Boehner and Pelosi’s Lobbying Ties

Thursday, September 16th, 2010 by Autumn

The New York Times published an article last Sunday detailing the connections Rep. John Boehner (R-Ohio) has with

John Boehner and aides (Source: New York Times. Photo credit: David Lassman/ Post-Standard)

lobbyists in Washington.  This article is by no means an isolated event.  Various other news articles have been questioning Boehner’s corporate, “special interest” ties.

At a speech in Ohio, President Obama mentioned Boehner’s name eight times.  As of now the only source of information that hasn’t commented on Boehner is my network of 14 uncles who tend to send me long-winded chain emails.  But I’m sure those will start to come in any day now.

The New York Times article did much more than detail Boehner’s golfing and smoking habits while tossing in an obvious joke about his complexion (we get it, he’s tan … new joke, please.)  The article listed some of Boehner’s former aides and “longtime associates and friends” who are lobbyists.

Given the tone of the article, this information seemed to belong on the editorial page; it should not have been presented as just basic information.  In response, The Washington Examiner released an article which stated that Speaker Nancy Pelosi (D-Calif.) has raised twice the amount of money from lobbyists as her GOP counterpart.

To take all of this one step further, a search of Lobbyists.info showed more lobbyists who previously worked for Pelosi than for Boehner.  Given the rhetoric (which comes from both sides of the aisle) about the evils of the “revolving door,” perhaps members of Congress would be wise to run a quick check on what their own former staffers are doing.

Pelosi’s lobbying ties include former staffers who are now registered lobbyists at The Podesta Group, Akin Gump, Amgen Inc., and King & Spalding.  Not all of Pelosi’s former staffers are registered lobbyists, despite working for registered organizations and coalitions.  Individuals fitting this bill include persons at Planned Parenthood of America and United for Medical Research.

In addition to the individuals listed already by the NYT, Boehner has connections through former employees to lobbyists at Marriot International Inc., Boeing, and the lobbying firm Arent Fox.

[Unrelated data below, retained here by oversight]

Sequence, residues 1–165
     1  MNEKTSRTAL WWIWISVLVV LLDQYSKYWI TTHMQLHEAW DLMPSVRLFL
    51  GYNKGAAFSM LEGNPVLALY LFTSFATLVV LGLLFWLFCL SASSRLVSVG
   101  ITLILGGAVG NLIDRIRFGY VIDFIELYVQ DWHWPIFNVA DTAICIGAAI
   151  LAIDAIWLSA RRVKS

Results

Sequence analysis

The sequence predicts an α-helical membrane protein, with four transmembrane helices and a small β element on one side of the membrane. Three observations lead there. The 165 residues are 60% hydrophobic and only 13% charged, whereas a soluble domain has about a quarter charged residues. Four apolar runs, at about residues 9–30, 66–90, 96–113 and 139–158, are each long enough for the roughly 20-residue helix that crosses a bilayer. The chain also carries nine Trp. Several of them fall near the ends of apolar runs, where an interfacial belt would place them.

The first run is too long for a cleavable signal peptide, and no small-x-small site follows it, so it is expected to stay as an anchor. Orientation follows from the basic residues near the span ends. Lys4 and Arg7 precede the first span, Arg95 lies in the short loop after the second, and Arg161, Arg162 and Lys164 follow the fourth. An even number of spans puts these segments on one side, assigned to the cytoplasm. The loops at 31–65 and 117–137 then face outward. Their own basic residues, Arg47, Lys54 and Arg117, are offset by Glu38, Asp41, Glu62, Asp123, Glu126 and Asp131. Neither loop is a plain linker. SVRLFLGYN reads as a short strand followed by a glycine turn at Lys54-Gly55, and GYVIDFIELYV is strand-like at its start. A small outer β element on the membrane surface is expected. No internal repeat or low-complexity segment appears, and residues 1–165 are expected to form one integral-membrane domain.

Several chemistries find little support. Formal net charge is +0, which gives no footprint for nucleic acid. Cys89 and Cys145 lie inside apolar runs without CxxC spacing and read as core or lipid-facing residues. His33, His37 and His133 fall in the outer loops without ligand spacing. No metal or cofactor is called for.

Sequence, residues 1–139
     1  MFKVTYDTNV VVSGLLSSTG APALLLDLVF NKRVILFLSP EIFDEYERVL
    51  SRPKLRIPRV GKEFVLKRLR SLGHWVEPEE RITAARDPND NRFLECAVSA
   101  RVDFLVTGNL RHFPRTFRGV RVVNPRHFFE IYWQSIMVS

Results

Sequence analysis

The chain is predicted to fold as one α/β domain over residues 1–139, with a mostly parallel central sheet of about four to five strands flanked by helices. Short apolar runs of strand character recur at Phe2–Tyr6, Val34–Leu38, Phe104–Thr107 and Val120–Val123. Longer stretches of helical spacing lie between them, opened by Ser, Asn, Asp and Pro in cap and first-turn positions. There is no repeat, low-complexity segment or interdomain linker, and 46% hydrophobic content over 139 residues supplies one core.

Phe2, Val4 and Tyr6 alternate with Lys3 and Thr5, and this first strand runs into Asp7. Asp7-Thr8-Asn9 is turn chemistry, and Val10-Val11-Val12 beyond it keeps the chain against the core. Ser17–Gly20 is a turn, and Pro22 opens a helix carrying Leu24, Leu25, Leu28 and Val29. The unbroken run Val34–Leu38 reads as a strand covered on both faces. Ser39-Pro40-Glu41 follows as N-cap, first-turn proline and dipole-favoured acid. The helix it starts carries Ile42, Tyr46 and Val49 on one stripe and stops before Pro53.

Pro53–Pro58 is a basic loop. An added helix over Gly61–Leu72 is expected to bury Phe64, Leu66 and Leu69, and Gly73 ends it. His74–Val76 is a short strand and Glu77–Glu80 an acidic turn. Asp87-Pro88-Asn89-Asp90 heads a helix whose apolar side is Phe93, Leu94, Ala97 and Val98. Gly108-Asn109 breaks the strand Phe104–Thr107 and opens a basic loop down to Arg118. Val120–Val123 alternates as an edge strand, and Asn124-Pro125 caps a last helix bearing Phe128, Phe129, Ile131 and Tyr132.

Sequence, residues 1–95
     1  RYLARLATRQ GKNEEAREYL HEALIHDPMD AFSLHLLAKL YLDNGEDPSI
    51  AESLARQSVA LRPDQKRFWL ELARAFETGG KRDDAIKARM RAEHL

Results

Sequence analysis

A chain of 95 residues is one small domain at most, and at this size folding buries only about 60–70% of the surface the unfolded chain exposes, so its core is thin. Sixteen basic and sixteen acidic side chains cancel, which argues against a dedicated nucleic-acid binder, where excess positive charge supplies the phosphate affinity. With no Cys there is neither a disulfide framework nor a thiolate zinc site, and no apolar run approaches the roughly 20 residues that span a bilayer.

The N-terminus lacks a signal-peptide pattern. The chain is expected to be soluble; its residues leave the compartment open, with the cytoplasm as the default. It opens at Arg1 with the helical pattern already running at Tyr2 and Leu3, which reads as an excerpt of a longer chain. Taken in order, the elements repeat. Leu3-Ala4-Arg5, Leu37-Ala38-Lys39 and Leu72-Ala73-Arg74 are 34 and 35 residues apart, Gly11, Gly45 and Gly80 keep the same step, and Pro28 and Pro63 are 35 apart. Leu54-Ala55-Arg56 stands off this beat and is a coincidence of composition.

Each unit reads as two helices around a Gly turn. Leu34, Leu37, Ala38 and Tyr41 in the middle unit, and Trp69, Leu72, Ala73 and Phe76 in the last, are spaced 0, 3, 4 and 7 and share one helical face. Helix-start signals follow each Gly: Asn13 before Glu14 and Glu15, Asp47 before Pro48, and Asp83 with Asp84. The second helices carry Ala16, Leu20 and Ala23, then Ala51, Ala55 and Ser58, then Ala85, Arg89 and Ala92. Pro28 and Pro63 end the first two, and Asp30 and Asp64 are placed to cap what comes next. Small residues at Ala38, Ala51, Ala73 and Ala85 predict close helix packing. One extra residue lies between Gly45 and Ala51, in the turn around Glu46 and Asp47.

Now I’m no political strategist, but it seems that crying wolf over lobbying ties might not be the best course of action for Speaker Pelosi. Perhaps it’s time for both parties to call a lobbyist-as-the-bad-guy truce.

New travel rules for the House

Monday, May 24th, 2010 by James
Speaker Nancy Pelosi (D-Calif.) tightened up travel requirements for House members and staffers last week, after reports surfaced of some Representatives enjoying perks on taxpayer funded delegation travel.

The House has had rules governing travel in place since the 1970s, but the Wall Street Journal recently reported that some Representatives had enjoyed extensive perks on the taxpayer dime while traveling overseas, including purchasing alcohol, gifts, and items for family members, or pocketing leftover per diems.

The main changes to the rules include a provision forbidding lawmakers on official travel from flying business class on trips shorter than 14 hours, and requiring them to return any unused travel funds to the Treasury. Members and staffers travelling on official business are also prohibited from using funds for personal reasons. Certain aides are also now prohibited from accompanying members on overseas junkets. Attempts at making Congressional delegations bipartisan are also now required to be documented.

Members’ official travel (using government funds) is restricted to committee delegations. However, Members are also able to travel on private trips with approval; such trips fall under a strict, highly regulated approval and guidance structure. Speaker Pelosi has the authority to make changes to the travel rules unilaterally.

The rules from Speaker Pelosi can be found here, and Roll Call’s coverage of the new rules is here.